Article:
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Egypt's president rejects idea of a theocracy

Egypt’s president has used an interview with a leading German newspaper to stress his commitment to building a modern democratic state. His seizure of extra powers late last year had raised doubts about his intentions.

Mohammed Morsi told the German daily Frankfurter Allgemeine Zeitung that although he has his political roots in the Muslim Brotherhood, there would be no question of establishing an Islamist government as long as he was Egypt's head of state.

"The state in which we believe is a modern state, in which power is transferred peacefully, in which democracy and freedom reign," Morsi said in the interview in the newspaper's Saturday edition. "We don't believe in a theocracy. The very term theocracy does not exist for us. We always speak about a civil state," he added.

Morsi - the first president elected since longtime strongman Hosni Mubarak was forced to step down in the face of mass protests in early 2011 - stressed that Egypt should become a country in which all citizens enjoy equal rights "no matter what their belief or religion."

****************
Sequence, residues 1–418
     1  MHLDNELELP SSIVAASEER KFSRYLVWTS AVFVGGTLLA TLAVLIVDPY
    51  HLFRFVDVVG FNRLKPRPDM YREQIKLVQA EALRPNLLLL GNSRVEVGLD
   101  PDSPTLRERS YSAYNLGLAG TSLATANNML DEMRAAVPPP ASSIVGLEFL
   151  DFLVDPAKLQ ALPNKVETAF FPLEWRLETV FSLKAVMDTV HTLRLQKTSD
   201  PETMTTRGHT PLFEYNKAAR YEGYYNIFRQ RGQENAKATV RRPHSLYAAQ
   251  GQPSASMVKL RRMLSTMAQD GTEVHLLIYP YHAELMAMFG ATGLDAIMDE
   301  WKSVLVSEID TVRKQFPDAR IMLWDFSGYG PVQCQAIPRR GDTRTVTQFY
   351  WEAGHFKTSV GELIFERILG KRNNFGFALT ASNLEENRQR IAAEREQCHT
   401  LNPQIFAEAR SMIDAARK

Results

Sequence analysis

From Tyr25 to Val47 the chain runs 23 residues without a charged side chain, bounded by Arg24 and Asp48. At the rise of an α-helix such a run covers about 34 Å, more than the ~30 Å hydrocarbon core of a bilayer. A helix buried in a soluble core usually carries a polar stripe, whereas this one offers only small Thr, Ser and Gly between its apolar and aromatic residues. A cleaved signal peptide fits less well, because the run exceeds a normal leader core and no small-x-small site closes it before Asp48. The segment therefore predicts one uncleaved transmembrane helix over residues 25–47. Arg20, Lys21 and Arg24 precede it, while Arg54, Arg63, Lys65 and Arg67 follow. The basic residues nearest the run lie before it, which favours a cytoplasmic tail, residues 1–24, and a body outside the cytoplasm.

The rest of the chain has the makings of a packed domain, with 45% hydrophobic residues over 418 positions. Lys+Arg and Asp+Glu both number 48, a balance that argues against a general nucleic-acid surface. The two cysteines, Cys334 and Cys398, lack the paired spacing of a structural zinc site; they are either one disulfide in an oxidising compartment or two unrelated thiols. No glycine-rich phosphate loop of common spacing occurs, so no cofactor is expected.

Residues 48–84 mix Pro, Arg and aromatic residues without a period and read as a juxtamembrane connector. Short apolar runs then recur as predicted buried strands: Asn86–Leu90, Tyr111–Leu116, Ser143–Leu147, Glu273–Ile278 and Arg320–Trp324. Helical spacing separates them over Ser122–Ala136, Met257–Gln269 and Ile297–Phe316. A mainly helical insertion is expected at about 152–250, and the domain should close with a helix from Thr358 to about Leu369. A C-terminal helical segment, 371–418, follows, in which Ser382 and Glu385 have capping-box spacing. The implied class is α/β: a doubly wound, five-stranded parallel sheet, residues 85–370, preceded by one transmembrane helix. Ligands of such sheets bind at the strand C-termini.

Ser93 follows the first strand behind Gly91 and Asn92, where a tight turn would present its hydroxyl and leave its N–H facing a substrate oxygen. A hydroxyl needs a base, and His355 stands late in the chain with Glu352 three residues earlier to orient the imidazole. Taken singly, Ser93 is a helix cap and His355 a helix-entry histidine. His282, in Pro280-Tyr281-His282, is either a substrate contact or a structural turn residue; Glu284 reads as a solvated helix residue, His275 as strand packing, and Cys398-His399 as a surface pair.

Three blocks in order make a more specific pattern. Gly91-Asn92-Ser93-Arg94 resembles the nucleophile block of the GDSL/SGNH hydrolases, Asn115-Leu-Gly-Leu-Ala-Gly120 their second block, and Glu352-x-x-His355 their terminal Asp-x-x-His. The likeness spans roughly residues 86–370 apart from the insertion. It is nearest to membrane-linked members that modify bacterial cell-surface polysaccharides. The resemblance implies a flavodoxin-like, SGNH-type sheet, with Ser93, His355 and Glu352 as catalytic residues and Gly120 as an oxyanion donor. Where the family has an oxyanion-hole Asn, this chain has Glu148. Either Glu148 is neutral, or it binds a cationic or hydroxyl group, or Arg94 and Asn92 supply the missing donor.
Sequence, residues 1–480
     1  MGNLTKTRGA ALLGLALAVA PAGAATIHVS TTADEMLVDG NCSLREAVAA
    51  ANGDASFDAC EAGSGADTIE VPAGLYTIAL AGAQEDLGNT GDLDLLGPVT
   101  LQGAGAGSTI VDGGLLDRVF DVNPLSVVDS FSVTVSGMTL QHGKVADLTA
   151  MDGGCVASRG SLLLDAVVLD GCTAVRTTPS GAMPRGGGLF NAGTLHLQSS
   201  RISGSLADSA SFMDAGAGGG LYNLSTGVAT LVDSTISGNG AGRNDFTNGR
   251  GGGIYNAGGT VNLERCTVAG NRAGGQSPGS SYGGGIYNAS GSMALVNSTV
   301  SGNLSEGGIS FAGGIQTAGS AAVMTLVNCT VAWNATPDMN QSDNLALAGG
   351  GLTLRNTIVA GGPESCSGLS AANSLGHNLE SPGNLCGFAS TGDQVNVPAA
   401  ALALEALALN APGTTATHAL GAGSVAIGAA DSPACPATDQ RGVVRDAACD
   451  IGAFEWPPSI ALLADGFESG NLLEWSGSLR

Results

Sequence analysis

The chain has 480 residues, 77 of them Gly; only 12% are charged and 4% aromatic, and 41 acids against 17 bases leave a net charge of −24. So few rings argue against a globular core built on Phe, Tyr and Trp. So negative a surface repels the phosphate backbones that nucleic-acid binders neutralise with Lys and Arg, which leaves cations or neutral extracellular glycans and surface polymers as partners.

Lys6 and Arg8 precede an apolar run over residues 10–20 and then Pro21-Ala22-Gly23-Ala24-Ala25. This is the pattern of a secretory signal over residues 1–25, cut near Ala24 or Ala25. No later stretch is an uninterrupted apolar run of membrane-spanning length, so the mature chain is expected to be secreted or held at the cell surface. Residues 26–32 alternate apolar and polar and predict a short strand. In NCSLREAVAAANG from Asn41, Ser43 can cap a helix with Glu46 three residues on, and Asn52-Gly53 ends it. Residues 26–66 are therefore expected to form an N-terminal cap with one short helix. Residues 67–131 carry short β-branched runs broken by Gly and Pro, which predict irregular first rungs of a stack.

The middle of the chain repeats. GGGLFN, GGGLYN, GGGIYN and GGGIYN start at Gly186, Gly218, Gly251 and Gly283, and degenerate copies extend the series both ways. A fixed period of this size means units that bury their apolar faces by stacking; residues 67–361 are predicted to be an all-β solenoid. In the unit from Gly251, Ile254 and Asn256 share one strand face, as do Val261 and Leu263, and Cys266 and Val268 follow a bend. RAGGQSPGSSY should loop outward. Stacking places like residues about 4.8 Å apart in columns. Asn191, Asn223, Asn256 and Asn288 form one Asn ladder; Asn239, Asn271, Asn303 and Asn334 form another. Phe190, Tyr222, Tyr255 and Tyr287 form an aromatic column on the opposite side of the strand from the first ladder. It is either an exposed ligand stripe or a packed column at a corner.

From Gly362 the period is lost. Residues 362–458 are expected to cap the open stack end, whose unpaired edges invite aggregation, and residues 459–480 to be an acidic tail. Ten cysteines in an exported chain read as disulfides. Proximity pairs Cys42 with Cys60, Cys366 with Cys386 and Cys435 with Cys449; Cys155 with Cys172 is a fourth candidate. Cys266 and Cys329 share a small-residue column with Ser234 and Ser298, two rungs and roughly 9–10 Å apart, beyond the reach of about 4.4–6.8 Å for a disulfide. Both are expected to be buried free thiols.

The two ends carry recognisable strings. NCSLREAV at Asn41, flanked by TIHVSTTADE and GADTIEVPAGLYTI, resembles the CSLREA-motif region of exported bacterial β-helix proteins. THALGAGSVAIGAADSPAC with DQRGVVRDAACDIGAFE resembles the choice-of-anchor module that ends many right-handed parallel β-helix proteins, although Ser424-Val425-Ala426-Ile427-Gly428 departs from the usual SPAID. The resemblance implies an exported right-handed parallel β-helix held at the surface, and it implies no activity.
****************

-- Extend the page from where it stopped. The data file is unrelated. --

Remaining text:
The Egyptian president - who faced widespread international criticism late last year after he seized sweeping powers ahead of a referendum on the country's new constitution - also promised that there would be no return to dictatorship under his watch.

"I am using the law and judiciary under the provisions of the constitution to fight against the dictatorship and the bureaucracy that ruled for decades," Morsi said. "I am pursuing this path with all the strength (available), but not through special provisions."

The president played down mass protests against his seizure of those special powers in his November 22 decree, saying the reaction was understandable given the fact that Egyptians had endured many years of dictatorship under Mubarak. After the constitution was passed, Morsi rescinded his extra powers, which he had argued were needed to expedite democratic reforms.

Morsi also told the paper that his government would respect Egypt's peace treaty with Israel. Speaking about the country's future foreign policy in general, Morsi said Egypt would seek "balanced relations with all states."

With a visit to Berlin scheduled for the end of January, Morsi said he would support a bigger "German role in Egypt and the Middle East."

pfd/lw (AFP, EPD, KNA,)